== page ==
Copyright ©The Author(s) 2019. Published by Baishideng Publishing Group Inc. All rights reserved.
World J Stem Cells. Aug 26, 2019; 11(8): 476-490
Published online Aug 26, 2019. doi: 10.4252/wjsc.v11.i8.476
Bone marrow microenvironment: The guardian of leukemia stem cells
Mohammad Houshmand, Teresa Mortera Blanco, Paola Circosta, Narjes Yazdi, Alireza Kazemi, Giuseppe Saglio, Mahin Nikougoftar Zarif
Mohammad Houshmand, Paola Circosta, Giuseppe Saglio, Department of Clinical and Biological Sciences, University of Turin, Turin 10126, Italy
Teresa Mortera Blanco, Mahin Nikougoftar Zarif, Center for Hematology and Regenerative Medicine, Karolinska Institutet, Department of Medicine, Karolinska University Hospital Huddinge, Stockholm 14183, Sweden
Narjes Yazdi, Department of Molecular Genetics, Tehran Medical Branch, Islamic Azad University, Tehran 1916893813, Iran
Alireza Kazemi, Department of Hematology and Blood Banking, School of Allied Medical Sciences, Shahid Beheshti University of Medical Sciences, Tehran 1985717443, Iran
Mahin Nikougoftar Zarif, Blood Transfusion Research Center, High Institute for Research and Education in Transfusion Medicine, Tehran 146651157, Iran
Author contributions: Houshmand M wrote and edited the article and prepared the figures; Circosta P, Yazdi N, and Kazemi A wrote the paper; Mortera Blanco T and Saglio G edited the manuscript for important scientific content; Nikougoftar Zarif M wrote and prepared the final edition of the article.
Conflict-of-interest statement: There is no conflict of interest for any author.
Open-Access: This article is an open-access article that was selected by an in-house editor and fully peer-reviewed by external reviewers. It is distributed in accordance with the Creative Commons Attribution Non Commercial (CC BY-NC 4.0) license, which permits others to distribute, remix, adapt, build upon this work non-commercially, and license their derivative works on different terms, provided the original work is properly cited and the use is non-commercial. See:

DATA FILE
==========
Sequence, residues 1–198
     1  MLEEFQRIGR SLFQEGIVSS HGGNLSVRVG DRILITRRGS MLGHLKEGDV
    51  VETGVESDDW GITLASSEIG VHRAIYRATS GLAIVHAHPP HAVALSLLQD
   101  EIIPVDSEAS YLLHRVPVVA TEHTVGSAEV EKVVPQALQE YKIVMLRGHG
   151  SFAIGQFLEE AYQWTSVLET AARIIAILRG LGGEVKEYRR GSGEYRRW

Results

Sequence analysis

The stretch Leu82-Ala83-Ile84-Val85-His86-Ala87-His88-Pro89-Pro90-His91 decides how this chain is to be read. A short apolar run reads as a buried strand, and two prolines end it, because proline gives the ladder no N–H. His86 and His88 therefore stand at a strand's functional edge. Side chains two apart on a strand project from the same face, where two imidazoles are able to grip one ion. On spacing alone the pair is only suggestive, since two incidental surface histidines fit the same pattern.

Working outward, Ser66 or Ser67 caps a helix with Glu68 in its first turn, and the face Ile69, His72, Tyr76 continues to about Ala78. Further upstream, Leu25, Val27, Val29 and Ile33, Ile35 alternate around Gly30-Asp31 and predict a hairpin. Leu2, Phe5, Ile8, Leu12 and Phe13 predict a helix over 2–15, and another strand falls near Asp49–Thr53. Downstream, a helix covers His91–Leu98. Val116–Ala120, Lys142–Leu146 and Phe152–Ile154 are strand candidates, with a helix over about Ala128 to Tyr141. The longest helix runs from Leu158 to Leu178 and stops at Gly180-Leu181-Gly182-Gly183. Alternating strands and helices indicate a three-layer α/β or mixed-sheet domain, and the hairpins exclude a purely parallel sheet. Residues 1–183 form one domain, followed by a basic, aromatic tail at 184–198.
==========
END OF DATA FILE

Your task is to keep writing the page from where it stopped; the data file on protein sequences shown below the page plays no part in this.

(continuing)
Corresponding author: Mahin Nikougoftar Zarif, PhD, Associate Professor, Blood Transfusion Research Center, High Institute for Research and Education in Transfusion Medicine, Tehran 146651157, Iran.
Telephone: +98-21-88601575 Fax: +98-21-88601576
Received: March 12, 2019
Peer-review started: March 15, 2019
First decision: June 4, 2019
Revised: June 13, 2019
Accepted: June 20, 2019
Article in press: June 20, 2019
Published online: August 26, 2019

Bone marrow microenvironment (BMM) is the main sanctuary of leukemic stem cells (LSCs) and protects these cells against conventional therapies. However, it may open up an opportunity to target LSCs by breaking the close connection between LSCs and the BMM. The elimination of LSCs is of high importance, since they follow cancer stem cell theory as a part of this population. Based on cancer stem cell theory, a cell with stem cell-like features stands at the apex of the hierarchy and produces a heterogeneous population and governs the disease. Secretion of cytokines, chemokines, and extracellular vesicles, whether through autocrine or paracrine mechanisms by activation of downstream signaling pathways in LSCs, favors their persistence and makes the BMM less hospitable for normal stem cells. While all details about the interactions of the BMM and LSCs remain to be elucidated, some clinical trials have been designed to limit these reciprocal interactions to cure leukemia more effectively. In this review, we focus on chronic myeloid leukemia and acute myeloid leukemia LSCs and their milieu in the bone marrow, how to segregate them from the normal compartment, and finally the possible ways to eliminate these cells.

Keywords: Bone marrow microenvironment, Bone marrow niche, Leukemic stem cell, Chronic myeloid leukemia, Acute myeloid leukemia, Target therapy

Core tip: Chronic myeloid leukemia stem cells (LSCs) and acute myeloid LSCs are resistant to common therapies due to the activation of downstream signaling pathways that guarantee their survival. In addition, they are smart enough to escape immune surveillance. Bone marrow microenvironment underlies these phenomena by providing an environment that favors leukemia development. Recent studies confirm that targeting LSCs and their crosstalk with the bone marrow microenvironment significantly reduced residual disease burden and eventuated in LSCs removal.